The Crassulaceae family of plants fascinates me, and the sedums are one of its larger genera. I first saw ‘Frosty Morn” featured on a gardening program from Iowa, so I wondered whether it’d be drought tolerant. Shortly afterwards, I found it at our local nursery and planted in my xeristrip. It has never faltered. The only disfiguring occurrence is a little nipping by grasshoppers during early summer, which has never seemed to harm it, or other large leafed sedums.
Caladium corms are tropical plants grown for their summer foliage, however they do send up an arum type flower (a member of the Araceae family). Foliage comes in many different variegation patterns in red, pink and white. There are a over a thousand cultivars, most from the Caladium bicolor species. Plant bulbs after May 1st, only about 3 inch deep. Caladiums like it hot and moist. Complete shade works OK, or morning sun only.There are a few sun tolerant cultivars available. For larger leaves.
Elephand ears are plants grown from corms (called bulbs, but not true bulbs), with large leaves on upright stems. Colocasia leaves point downward (Alocasia leaves point upward). Colocasia gigantum and C. esculenta are two species most often used. These plants are grown primarily for their foliage and prominant veining, rather than flowers. The flowers are typical aroid type with a white to yellow or light green spathe, and may not even flower in shorter growing seasons.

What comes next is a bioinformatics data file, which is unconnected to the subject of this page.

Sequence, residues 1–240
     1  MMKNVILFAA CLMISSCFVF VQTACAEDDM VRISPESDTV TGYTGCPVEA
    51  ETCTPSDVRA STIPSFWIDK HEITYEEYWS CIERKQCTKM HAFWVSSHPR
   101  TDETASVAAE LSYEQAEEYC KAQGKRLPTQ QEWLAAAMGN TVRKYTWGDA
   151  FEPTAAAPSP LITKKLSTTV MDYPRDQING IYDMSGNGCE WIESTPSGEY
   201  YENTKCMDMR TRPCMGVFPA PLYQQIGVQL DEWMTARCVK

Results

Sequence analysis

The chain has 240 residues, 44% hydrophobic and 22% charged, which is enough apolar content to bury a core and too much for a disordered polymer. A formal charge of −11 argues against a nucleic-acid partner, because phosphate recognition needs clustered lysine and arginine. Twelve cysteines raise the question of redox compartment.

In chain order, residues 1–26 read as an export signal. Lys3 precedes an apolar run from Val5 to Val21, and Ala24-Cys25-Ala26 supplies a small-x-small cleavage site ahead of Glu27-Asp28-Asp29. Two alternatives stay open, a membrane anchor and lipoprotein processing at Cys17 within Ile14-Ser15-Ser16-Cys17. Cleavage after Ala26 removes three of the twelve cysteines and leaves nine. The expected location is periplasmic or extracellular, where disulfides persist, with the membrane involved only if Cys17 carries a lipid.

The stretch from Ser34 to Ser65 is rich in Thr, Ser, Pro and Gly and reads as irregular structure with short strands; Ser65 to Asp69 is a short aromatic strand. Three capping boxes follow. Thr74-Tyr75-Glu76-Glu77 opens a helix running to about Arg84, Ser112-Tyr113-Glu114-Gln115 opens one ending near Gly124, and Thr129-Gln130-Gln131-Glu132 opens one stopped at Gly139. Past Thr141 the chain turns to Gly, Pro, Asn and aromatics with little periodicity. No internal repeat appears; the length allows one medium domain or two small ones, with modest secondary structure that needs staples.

A tuber mostly grown in containers or a summer groundcover, not considered cold-hardy in the Panhandle. Striking purple-black foliage with small light magenta flowers, similar in appearance to bindweed. Ipomoea’s are members of the bindweed family, Convolvulaceae. One bad relation doesn’t have to trash the family, however.